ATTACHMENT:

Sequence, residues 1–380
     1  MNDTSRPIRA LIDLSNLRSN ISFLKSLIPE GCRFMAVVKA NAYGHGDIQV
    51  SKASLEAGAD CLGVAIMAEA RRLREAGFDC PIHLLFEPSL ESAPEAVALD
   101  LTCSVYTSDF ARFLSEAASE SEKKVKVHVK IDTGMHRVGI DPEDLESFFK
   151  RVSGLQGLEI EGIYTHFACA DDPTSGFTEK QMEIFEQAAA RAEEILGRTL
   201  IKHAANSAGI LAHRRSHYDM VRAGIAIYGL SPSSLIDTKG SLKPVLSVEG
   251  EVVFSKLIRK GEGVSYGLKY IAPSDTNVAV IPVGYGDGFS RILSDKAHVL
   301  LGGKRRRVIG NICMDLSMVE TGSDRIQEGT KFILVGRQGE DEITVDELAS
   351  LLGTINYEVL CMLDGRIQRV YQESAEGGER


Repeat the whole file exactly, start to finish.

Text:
Sequence, residues 1–380
     1  MNDTSRPIRA LIDLSNLRSN ISFLKSLIPE GCRFMAVVKA NAYGHGDIQV
    51  SKASLEAGAD CLGVAIMAEA RRLREAGFDC PIHLLFEPSL ESAPEAVALD
   101  LTCSVYTSDF ARFLSEAASE SEKKVKVHVK IDTGMHRVGI DPEDLESFFK
   151  RVSGLQGLEI EGIYTHFACA DDPTSGFTEK QMEIFEQAAA RAEEILGRTL
   201  IKHAANSAGI LAHRRSHYDM VRAGIAIYGL SPSSLIDTKG SLKPVLSVEG
   251  EVVFSKLIRK GEGVSYGLKY IAPSDTNVAV IPVGYGDGFS RILSDKAHVL
   301  LGGKRRRVIG NICMDLSMVE TGSDRIQEGT KFILVGRQGE DEITVDELAS
   351  LLGTINYEVL CMLDGRIQRV YQESAEGGER